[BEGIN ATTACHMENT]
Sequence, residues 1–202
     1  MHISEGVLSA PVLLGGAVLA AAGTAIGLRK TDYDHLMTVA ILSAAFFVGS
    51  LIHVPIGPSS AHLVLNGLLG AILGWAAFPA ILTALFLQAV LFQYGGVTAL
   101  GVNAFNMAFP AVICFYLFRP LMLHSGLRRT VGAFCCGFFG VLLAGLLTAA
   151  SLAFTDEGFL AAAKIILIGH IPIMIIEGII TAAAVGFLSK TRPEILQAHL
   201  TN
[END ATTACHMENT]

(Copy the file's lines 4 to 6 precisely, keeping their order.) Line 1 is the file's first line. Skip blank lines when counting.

   101  GVNAFNMAFP AVICFYLFRP LMLHSGLRRT VGAFCCGFFG VLLAGLLTAA
   151  SLAFTDEGFL AAAKIILIGH IPIMIIEGII TAAAVGFLSK TRPEILQAHL
   201  TN